10
Mar
2012

If you build it they will come ...

ice race director / Tag: Ice Racing

Ice Racing and the Minden Kin Club.

Racing cars on ice started in Ontario more than forty years ago, and it continues to thrive as an inexpensive, fun part of the Ontario motorsport scene. The events were originally held on frozen lakes and rivers - and some still are - but in the mid seventies, the Ontario championships moved to more permanent facilities at the fairgrounds in Minden, Ontario. For the last 32 years the Minden Kin Club has built and maintained the only land based track in Canada, and to the best of my knowledge, North America.

The racing series runs from mid January to mid March and is sanctioned by the Ontario region of the Canadian Automobile Sport Club. Up until just a few years ago with the addition of two more tracks in Ontario, there were just three recognized by the governing body, Mosport, Shannonville and Minden.

Preparation for the track starts a full 2 months before the green flag drops on the first weekend.

After the first snows and with about 8 inches on the ground, the track is “tramped” by heavy equipment supplied by a local contractor. This allows frost into the ground for ease of flooding and better quality of ice.

The track is delineated by snowbanks that have to be at least 5 feet high and 10 feet wide around the outside and to a lesser extent on the inside. The same contractor also maintains these banks throughout the season. In years with marginal snow conditions the snow for the banks would have to be trucked in and put into place with heavy equipment. This makes for interesting clean-up in the spring when we find the odd shopping cart laying on it’s side 5 miles from where it is supposed to be.

The track is over 60 feet wide and almost a kilometer long, and the required ice depth for the start of the season is a foot or better.

When Mother Nature cooperates the initial flood can begin. This is accomplished by pumping water from a dug well supplied by a creek. It passes some 1500 feet from the creek to the fairgrounds below the frost line to custom-made stantions. From there we manhandle 4” hoses out onto the track and couple together and remove 40 to 60 foot lengths until the track is wetted down. This is repeated until depressions and ridges in the track are filled in to a depth of three to four inches and solid enough to support heavy equipment.

If we’re lucky we can work weekends during the day but the hose work is done mainly in the evenings and at night, in temperatures reaching the –30 mark or cooler. We would have to chip the ice off our lower extremities in order to drive our vehicles home.

This past season saw approx. 200 man-hours and 288.000 gals of water laid down on a volunteer basis just for the initial flood.

From this point to the start of the season, heavy tanker trucks supplied by the contractor flood the track until the desired depth of ice is reached. The ice surface was then maintained throughout the season and a further 655.000 gals of water were laid down for a total 943.000 Gallons or 4.243.500 liters. As you can imagine these numbers make for an interesting spring run-off.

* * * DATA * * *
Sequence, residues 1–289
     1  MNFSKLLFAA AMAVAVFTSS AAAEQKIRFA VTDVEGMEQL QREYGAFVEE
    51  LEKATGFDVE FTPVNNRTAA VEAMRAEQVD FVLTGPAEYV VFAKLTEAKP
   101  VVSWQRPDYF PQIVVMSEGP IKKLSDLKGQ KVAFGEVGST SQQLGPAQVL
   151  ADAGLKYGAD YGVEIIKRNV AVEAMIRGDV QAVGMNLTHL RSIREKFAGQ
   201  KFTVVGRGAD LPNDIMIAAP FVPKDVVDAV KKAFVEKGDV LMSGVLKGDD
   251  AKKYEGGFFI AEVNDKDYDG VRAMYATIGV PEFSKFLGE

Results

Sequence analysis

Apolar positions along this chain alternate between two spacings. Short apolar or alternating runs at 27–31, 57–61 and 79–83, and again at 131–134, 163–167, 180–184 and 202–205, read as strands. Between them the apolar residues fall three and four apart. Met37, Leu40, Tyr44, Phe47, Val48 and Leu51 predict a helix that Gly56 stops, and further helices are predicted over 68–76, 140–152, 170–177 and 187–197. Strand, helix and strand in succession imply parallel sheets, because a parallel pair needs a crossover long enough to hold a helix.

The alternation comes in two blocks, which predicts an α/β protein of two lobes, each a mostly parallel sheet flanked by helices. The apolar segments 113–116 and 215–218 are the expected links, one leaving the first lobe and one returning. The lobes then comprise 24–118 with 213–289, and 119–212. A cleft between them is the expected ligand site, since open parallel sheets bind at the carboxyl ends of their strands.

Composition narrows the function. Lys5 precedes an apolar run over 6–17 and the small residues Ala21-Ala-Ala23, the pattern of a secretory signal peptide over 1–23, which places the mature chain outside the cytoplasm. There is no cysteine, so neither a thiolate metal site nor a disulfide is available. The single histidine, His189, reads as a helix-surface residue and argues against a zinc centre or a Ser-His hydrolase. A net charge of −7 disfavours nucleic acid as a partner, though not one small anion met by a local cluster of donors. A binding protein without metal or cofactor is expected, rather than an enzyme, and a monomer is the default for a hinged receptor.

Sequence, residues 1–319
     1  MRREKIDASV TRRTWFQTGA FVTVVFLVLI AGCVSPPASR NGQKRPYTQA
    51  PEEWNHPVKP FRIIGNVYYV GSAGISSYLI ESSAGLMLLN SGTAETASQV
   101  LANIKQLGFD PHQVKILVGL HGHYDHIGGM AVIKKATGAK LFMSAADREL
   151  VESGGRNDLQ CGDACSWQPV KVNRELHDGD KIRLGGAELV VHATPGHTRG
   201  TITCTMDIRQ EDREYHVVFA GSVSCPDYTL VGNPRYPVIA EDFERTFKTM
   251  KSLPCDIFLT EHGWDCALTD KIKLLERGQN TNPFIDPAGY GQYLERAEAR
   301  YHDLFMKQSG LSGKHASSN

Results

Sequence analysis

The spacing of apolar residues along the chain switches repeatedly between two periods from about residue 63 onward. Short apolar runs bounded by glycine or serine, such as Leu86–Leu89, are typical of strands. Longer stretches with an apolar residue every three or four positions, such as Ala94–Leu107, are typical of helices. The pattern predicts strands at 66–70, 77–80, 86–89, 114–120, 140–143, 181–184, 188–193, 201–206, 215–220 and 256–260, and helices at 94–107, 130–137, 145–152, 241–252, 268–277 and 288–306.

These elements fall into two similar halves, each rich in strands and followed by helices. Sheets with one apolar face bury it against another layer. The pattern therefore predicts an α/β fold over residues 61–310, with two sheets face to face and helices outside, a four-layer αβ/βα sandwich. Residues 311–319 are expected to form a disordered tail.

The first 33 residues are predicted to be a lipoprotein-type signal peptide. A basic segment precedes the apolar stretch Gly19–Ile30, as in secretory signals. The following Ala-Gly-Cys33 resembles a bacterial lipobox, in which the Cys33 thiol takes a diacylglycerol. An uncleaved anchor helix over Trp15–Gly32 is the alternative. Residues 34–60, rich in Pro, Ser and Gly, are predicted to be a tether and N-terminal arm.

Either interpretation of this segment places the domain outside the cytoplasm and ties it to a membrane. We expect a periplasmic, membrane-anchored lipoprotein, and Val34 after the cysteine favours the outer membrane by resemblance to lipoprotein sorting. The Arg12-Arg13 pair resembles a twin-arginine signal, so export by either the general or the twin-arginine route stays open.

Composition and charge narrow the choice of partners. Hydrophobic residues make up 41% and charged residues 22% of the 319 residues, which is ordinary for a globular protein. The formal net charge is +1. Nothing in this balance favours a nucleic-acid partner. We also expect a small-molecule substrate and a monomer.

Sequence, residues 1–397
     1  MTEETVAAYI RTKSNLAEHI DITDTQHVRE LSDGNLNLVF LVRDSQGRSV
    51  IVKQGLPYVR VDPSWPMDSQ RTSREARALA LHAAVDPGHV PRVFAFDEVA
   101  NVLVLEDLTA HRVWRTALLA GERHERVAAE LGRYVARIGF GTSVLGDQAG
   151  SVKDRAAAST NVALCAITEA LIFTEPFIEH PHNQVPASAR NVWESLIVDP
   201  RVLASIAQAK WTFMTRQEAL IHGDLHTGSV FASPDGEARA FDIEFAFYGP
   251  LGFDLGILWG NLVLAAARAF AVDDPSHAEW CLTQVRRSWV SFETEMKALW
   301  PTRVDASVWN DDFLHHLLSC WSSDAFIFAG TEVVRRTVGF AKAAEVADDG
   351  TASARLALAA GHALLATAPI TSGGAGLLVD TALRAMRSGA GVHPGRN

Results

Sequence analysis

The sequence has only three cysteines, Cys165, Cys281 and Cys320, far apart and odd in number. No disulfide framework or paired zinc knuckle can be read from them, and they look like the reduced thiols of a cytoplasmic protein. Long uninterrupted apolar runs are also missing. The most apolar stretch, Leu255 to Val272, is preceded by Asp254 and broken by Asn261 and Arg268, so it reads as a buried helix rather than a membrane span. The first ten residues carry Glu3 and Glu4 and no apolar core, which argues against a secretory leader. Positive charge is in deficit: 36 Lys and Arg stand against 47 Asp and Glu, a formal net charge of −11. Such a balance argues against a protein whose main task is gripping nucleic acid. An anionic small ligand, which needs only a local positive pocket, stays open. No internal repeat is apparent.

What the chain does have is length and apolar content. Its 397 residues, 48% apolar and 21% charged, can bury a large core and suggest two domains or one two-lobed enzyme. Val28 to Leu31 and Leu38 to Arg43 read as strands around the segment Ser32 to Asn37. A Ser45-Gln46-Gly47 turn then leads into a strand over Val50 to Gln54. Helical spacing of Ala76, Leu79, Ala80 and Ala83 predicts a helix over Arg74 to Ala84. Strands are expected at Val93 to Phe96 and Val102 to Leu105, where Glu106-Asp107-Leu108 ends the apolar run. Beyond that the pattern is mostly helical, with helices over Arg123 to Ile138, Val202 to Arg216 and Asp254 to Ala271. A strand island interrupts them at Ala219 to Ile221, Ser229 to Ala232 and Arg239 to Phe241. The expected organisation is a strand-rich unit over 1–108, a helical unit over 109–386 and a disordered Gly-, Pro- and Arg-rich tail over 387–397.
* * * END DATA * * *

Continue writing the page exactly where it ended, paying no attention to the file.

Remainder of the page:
As well as the construction and maintenance of the ice surface, the Minden club has also built and maintained a heated registration trailer, (also used for our annual Truck and tractor pulls, and CF yard sales), a heated pump house and buried supply lines, and a heated starter stand for the flag marshals. We also maintain and run the fairground washroom facilities and a food booth, which, (according to my daughter), sell the best hot dogs on the planet. (The food booth that is, not the washrooms)…

Along with the revenues accrued from ice racing, the club also rents the track out to Driving Schools and Major tire manufacturers and their distributors. A few years back we even had the Canadian World Rally Team on the track testing their cars and tires for the Swedish round of the world championship.

About 14 years ago a study was conducted by the Minden club on the impact of ice racing and the local community. They polled Ice Racers, Hotels, Motels, Taverns, Restaurants, Gas stations, and Garages … you name it! … And it quickly became clear that the little sport that took place at the Minden fairgrounds was bringing in approx. $350.000 dollars over a six week period. In recent years the popularity of this sport has grown in leaps and bounds and I would not mind betting that the revenue number is closer to $750.000.

In closing, I would just like to say that without one particular local contractor, there would not be ice racing in Minden. Not only does he supply the quality equipment and manpower needed to accomplish the task of track building, but does it at a reduced rate. Every year he has donated equipment, time, fuel and manpower so that others may race, he’s also quite the competitive racer himself.  Of course I speak of our own KIN CLUB president, Tom Prentice.

This past season, marked the clubs 37th year building the track at the fairgrounds in Minden.

yours on the Ice ...

Andy Hughes. CASC-OR Ice Race Director

(Pic ...President Tom presents a souvineer shirt to the National president of Kin Canada , after a sufficient Scaring session on the ice)   
 

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